By Stephen Hayes, President and CEO, The Corporate Council on Africa
The National Basketball Association, with its globally-known stars from past and present, has for some time now, been working hard to make itself a truly global organization, perhaps someday to rival soccer in world-wide popularity. Thus far, it has done so in two nations...the United States and China. In reality, simply because of its sheer size, there are almost certainly far more NBA fans in China than in America. One can argue that basketball may also be the most popular sport in the Baltics, which have produced NBA and Olympic stars by the dozens. This does not mean that its popularity isn't growing in other nations. The league is popular in Latin America and in many parts of Europe, but it is hard to imagine that it will surpass the love of 'futbol' in Brazil or Argentina, two countries that the NBA is very popular, anytime soon.
The NBA sees the enormous marketing potential for its brand worldwide and has offices in Europe, Asia, Latin America and has recently opened offices in Africa, basing itself first in Johannesburg, and focusing on key markets in Nigeria, Angola, Kenya, Senegal, Ghana and South Sudan, although the civil war there has almost certainly put into hiatus any hopes for cultivating the sport there. The purpose of the expansion into Africa is not to find new basketball talent, though there are many Africans playing in the NBA now after breakthroughs two or three decades ago from players like Hakeem Olajuwon (Nigeria), Dikembe Mutombo (DR Congo) and Manute Bol (then Sudan, though he would now be considered South Sudanese if he were alive today). The NBA's first director for Africa, Amadou Fall, a Senegalese national and former director of scouting for the Dallas Mavericks, views his mission as getting thousands, and eventually millions of African youth engaged in basketball as a means of social cohesion and focus. He also understands the desire by the National Basketball Association to increase its range on the continent. He wants basketball to be a global force and productive force for the millions of Africa's young. According to statistics from the African Union, the average age of three out of four young people in Africa will be 20 years old by 2020.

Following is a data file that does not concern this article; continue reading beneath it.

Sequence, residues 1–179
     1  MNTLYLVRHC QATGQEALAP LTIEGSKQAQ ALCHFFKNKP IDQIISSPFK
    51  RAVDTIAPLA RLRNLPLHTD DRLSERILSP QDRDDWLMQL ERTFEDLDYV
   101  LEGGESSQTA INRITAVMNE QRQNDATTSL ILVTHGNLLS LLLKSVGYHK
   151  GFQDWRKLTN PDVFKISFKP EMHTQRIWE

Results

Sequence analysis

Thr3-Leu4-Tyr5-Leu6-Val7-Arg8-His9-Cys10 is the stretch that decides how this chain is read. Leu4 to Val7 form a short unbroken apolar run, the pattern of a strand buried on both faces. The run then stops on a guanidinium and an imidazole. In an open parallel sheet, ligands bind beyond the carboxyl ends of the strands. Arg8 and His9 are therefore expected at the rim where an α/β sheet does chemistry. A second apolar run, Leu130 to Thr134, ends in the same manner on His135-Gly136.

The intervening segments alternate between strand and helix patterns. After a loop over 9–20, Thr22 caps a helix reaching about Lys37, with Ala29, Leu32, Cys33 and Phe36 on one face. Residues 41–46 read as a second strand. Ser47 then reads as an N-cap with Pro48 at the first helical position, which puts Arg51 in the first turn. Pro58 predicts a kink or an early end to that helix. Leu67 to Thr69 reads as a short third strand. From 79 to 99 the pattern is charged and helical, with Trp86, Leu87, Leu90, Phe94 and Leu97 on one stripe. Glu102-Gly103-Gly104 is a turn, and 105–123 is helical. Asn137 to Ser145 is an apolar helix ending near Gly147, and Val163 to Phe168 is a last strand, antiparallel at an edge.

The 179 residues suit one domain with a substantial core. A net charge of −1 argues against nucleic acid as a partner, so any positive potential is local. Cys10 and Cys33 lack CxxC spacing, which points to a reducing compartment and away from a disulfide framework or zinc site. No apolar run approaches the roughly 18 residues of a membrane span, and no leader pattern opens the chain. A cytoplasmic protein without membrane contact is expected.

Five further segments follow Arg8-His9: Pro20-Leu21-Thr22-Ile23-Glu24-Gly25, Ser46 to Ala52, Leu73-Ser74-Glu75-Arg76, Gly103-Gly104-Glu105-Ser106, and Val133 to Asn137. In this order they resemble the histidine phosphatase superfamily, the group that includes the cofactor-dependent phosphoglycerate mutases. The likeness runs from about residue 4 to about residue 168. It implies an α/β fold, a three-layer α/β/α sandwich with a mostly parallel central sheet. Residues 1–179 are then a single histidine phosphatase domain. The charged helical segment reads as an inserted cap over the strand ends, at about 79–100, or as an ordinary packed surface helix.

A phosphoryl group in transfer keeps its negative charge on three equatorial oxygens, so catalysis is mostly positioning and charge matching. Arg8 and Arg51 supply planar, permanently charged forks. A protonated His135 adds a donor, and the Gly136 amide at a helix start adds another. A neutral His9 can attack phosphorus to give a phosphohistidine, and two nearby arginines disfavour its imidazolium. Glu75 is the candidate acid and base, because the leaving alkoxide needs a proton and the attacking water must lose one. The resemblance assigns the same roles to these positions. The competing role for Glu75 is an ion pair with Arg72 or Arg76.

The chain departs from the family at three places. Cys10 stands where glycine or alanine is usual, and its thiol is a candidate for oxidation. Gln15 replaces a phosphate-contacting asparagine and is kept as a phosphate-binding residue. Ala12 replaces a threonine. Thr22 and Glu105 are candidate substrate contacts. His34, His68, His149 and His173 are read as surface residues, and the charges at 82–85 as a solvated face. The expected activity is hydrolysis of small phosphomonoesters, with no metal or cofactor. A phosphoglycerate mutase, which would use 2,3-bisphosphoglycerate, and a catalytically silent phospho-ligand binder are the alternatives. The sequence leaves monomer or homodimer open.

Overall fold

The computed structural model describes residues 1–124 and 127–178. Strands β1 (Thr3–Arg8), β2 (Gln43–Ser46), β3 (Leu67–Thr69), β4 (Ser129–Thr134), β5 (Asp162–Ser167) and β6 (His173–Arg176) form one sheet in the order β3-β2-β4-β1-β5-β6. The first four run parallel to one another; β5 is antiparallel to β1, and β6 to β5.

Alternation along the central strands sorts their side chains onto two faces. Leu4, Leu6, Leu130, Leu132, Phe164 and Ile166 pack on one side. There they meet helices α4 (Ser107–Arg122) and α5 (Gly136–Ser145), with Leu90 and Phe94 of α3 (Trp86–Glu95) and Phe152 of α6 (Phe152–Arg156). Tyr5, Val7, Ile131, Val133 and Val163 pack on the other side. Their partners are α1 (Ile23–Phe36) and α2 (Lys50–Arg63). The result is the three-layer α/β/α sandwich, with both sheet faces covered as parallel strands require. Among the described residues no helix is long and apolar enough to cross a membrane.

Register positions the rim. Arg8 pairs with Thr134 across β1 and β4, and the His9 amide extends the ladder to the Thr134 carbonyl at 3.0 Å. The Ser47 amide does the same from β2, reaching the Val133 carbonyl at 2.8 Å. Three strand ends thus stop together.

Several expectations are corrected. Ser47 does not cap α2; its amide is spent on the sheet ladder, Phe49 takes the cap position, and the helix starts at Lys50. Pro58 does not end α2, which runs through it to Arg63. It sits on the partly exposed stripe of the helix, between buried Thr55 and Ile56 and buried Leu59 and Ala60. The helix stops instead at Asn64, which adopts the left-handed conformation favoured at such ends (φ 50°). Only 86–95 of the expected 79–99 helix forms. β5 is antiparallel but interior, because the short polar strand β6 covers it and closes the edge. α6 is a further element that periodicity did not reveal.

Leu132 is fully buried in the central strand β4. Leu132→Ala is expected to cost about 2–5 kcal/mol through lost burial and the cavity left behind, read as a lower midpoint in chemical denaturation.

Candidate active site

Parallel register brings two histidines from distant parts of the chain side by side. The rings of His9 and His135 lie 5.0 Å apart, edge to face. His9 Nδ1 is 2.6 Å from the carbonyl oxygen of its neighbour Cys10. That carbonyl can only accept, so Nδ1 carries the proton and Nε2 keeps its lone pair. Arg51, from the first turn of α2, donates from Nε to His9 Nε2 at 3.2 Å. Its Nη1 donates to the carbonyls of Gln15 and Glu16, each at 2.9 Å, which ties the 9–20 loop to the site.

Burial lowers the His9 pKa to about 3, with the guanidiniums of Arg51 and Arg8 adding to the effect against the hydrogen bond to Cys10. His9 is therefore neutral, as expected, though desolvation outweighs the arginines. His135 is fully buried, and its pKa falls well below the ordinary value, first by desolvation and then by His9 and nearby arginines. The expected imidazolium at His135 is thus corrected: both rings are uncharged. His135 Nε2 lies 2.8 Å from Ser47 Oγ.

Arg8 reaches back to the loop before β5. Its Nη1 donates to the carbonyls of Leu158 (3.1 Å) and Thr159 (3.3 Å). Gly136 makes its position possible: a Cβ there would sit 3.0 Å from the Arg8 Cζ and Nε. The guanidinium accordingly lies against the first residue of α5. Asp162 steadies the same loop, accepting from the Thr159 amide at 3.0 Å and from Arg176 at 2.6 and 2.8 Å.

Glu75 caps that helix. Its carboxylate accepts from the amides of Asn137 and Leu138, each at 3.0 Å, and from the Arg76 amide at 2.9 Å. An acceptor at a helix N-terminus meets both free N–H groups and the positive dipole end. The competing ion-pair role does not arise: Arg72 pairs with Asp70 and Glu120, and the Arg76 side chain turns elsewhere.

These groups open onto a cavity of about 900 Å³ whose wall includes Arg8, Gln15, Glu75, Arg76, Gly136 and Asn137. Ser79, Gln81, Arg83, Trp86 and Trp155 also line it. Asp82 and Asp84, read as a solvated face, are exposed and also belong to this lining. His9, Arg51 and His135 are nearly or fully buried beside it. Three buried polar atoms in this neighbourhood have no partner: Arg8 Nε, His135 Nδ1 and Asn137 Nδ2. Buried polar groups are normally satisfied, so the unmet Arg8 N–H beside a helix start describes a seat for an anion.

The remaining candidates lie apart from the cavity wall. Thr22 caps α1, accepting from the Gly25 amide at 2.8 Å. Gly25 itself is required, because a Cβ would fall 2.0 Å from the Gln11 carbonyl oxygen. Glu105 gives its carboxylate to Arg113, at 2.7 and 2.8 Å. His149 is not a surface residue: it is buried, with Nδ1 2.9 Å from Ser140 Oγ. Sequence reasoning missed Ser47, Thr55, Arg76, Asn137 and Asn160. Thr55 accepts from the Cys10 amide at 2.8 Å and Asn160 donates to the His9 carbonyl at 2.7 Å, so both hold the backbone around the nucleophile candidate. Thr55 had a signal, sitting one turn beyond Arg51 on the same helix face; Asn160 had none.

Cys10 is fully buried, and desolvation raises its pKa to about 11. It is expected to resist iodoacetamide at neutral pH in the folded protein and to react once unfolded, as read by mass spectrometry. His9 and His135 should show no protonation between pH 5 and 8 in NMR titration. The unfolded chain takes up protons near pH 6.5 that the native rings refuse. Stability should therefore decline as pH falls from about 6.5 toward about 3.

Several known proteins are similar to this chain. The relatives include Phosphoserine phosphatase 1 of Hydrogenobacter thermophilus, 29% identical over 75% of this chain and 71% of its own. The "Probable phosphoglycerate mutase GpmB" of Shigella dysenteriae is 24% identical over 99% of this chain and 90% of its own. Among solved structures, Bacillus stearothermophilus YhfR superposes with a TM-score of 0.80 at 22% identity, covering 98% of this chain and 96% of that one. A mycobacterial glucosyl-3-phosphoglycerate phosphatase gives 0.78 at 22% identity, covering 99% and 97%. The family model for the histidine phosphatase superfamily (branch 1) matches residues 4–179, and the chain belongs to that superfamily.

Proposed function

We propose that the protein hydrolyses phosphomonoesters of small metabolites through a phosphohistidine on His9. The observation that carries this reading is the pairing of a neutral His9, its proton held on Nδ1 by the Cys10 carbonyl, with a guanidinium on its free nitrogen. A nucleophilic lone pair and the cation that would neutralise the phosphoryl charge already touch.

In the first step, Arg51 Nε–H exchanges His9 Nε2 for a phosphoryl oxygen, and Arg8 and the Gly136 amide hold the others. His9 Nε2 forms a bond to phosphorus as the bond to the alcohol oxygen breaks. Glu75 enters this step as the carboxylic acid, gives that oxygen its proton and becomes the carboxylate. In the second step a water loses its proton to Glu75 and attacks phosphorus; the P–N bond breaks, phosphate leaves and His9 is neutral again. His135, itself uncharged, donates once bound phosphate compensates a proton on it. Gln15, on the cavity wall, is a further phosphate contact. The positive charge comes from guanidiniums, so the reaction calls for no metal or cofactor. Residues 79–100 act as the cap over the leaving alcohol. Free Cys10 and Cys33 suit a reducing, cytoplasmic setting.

For these different reasons the NBA became the first sports-focused organization to join The Corporate Council on Africa, the leading business organization solely focused on Africa in the United States. Approximately 85 percent of American private sector investment in Africa is manifested by the Corporate Council on Africa's 180 corporate members. If American-style basketball is to grow in Africa, it will need the support of those businesses working in Africa, many of which are members of The Corporate Council on Africa.
The NBA held its first full game in Africa on August 1st, in Johannesburg. Many of the NBA’s leading players, especially those from Africa, participated in the game which was covered continent-wide by SuperSport. It was a first step but it was also an important step to becoming more widely known in every country in Africa. It has been long in the making and CCA worked with the NBA in its past two All-Star games to give more visibility to Africa within the hierarchy of the NBA offices, and with some of its corporate members. Some of its members will be among the sponsors of the first game in Africa as well. There is still a long way to go, but imagine if this partnership and other such forms of cooperation catches fire on the continent. Imagine, too, what it would mean to playgrounds everywhere.